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Bringing John Rae to Robert Burns Country

Next week will find me giving talks in Robert Burns Country. I mentioned previously that, thanks to a new "friendship bridge" extending between the Royal Canadian Geographical Society and the Royal Scottish Geographical Society, I have fallen heir to a whirlwind, four-day speaking tour. Now, in response to popular demand, I can provide details.
My illustrated talk is called Let's Take Back Arctic History: The John Rae Story. I argue that the orthodox or 'official' version of Arctic exploration history focuses almost exclusively on Royal Navy officers, omitting the contributions of Canada's indigenous peoples and fur-trade explorers like the peerless Scottish-Orcadian John Rae. I will draw on my books Fatal Passage and Dead Reckoning, and say a few words about the forthcoming Arctic Return Expedition, which will retrace the route Rae followed on his all-important 1854 trek. If you're in Scotland, you can catch me at 7:30 p.m. as follows. . . .
-- March 26:  Dumfries, Easterbrook Hall.
-- March 27: Galashiels, Scottish Border Campus 
-- March 28: Ayr, Council Chambers, Ayr Town Hall
-- March 29: Helensburgh, Victoria Halls

The connection with Burns is two-fold. The poet was born in a cottage in Alloway, Ayrshire (see painting to the left, which Sheena did after our first visit); and he died and lies buried in Dumfries. Somewhere, I have a photo of me in that town, sitting in his favorite chair in a local pub. But I'll dig that out another time.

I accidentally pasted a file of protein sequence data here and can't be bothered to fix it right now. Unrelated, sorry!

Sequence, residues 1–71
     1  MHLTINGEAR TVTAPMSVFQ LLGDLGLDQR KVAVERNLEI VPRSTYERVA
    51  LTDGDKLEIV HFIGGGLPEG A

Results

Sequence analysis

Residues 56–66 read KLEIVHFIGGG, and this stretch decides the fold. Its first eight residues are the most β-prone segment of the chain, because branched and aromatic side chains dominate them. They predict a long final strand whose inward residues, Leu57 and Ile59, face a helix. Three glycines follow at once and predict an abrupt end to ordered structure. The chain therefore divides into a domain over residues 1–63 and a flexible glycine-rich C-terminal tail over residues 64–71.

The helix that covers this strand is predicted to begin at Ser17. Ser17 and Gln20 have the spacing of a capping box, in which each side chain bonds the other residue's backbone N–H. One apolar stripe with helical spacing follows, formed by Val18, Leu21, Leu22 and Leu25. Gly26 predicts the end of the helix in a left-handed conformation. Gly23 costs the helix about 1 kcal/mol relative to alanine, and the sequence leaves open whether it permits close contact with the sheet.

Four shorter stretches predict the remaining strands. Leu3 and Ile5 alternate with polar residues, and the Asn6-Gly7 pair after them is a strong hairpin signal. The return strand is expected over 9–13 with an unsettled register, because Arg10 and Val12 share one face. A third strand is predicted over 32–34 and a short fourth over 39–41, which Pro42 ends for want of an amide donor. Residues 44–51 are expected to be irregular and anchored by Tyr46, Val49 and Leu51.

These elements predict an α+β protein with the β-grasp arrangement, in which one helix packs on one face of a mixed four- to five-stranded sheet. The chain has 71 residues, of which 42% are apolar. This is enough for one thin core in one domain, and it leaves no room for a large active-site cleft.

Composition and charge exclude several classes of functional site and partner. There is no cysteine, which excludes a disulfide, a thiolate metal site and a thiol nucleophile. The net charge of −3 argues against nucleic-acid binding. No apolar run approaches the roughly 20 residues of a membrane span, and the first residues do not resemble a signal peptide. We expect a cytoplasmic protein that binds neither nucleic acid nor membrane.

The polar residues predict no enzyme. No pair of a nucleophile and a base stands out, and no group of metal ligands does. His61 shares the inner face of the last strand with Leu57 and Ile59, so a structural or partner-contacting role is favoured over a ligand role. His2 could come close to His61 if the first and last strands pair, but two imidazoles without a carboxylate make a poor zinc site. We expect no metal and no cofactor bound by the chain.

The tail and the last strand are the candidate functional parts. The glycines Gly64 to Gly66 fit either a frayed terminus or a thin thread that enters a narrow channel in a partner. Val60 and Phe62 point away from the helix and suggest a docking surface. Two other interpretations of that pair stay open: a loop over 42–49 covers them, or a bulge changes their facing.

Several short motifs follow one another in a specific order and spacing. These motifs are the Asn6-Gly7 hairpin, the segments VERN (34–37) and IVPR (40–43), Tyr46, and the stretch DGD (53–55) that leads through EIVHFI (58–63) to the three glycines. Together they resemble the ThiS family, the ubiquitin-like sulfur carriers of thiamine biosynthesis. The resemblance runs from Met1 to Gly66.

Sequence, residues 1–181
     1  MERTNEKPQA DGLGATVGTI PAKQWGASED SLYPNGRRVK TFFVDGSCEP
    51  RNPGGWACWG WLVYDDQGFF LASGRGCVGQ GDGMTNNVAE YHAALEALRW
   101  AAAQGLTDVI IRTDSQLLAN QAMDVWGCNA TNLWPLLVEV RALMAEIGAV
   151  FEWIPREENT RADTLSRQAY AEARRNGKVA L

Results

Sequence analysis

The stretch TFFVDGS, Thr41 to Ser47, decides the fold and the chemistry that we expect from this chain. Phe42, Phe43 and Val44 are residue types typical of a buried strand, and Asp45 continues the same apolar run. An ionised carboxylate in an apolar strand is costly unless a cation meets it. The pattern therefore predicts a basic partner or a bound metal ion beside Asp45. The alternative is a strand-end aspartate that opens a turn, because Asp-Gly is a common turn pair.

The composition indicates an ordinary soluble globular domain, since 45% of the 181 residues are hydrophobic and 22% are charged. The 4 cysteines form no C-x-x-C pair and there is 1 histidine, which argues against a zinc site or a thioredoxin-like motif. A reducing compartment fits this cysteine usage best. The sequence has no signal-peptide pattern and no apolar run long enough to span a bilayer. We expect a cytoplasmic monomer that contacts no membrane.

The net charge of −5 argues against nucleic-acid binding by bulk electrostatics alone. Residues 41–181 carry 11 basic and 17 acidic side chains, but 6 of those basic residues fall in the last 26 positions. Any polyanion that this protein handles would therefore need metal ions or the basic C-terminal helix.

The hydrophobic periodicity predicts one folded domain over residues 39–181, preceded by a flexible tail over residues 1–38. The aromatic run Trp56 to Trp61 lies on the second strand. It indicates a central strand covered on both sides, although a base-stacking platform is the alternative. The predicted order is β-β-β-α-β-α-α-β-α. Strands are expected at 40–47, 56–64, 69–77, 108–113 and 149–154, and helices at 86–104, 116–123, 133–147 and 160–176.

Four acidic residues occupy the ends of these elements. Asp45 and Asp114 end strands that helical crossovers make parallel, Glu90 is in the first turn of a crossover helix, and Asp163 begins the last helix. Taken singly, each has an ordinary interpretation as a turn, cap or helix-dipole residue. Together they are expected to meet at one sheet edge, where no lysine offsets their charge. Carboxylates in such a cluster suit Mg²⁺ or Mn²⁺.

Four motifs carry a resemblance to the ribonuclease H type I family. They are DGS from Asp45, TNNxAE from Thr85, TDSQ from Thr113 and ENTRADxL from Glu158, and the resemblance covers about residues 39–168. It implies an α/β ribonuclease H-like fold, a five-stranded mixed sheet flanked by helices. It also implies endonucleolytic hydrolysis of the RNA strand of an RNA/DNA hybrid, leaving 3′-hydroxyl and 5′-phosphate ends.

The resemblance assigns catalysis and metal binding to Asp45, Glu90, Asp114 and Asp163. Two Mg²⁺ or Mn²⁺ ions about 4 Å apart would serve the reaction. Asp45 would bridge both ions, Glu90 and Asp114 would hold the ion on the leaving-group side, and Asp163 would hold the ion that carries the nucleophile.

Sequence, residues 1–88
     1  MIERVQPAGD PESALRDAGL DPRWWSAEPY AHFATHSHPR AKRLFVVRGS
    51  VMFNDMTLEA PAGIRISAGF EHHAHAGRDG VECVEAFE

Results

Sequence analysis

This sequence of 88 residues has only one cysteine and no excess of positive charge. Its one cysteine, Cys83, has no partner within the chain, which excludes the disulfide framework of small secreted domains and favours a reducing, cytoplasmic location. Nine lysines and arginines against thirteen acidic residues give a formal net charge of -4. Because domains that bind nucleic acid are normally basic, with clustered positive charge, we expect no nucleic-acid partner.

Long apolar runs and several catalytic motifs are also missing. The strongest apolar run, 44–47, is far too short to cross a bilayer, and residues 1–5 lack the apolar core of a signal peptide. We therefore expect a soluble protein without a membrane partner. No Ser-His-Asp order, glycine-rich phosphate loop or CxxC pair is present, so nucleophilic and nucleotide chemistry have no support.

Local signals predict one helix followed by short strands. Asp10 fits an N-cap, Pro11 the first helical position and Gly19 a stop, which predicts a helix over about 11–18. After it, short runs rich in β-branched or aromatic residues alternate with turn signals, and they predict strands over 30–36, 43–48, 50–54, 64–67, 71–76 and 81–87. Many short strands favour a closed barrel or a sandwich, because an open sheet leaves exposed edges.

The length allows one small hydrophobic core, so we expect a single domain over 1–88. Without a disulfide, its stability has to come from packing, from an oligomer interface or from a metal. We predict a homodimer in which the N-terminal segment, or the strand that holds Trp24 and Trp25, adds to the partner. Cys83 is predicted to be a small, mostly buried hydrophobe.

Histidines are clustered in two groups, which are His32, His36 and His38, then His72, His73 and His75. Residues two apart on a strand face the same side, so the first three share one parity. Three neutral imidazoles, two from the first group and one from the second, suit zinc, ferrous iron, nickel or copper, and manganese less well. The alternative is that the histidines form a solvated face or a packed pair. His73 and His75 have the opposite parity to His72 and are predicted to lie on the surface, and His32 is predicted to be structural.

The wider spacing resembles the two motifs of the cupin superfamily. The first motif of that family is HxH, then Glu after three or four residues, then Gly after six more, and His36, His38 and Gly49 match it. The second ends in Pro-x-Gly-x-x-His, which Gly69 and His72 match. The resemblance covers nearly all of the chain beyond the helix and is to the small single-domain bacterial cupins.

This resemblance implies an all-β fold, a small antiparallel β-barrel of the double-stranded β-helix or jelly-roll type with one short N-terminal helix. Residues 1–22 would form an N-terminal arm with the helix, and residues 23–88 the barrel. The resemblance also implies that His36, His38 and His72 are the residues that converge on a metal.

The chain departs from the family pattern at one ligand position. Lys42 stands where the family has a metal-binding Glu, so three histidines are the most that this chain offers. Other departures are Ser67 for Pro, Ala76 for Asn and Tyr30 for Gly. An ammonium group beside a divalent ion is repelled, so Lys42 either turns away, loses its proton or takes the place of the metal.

[The Burns portrait derives from Alexander Nasmyth.]

Ken McGoogan
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Before turning mainly to books about arctic exploration and Canadian history, Ken McGoogan worked for two decades as a journalist at major dailies in Toronto, Calgary, and Montreal. He teaches creative nonfiction writing through the University of Toronto and in the MFA program at King’s College in Halifax. Ken served as chair of the Public Lending Right Commission, has written recently for Canada’s History, Canadian Geographic, and Maclean’s, and sails with Adventure Canada as a resource historian. Based in Toronto, he has given talks and presentations across Canada, from Dawson City to Dartmouth, and in places as different as Edinburgh, Melbourne, and Hobart.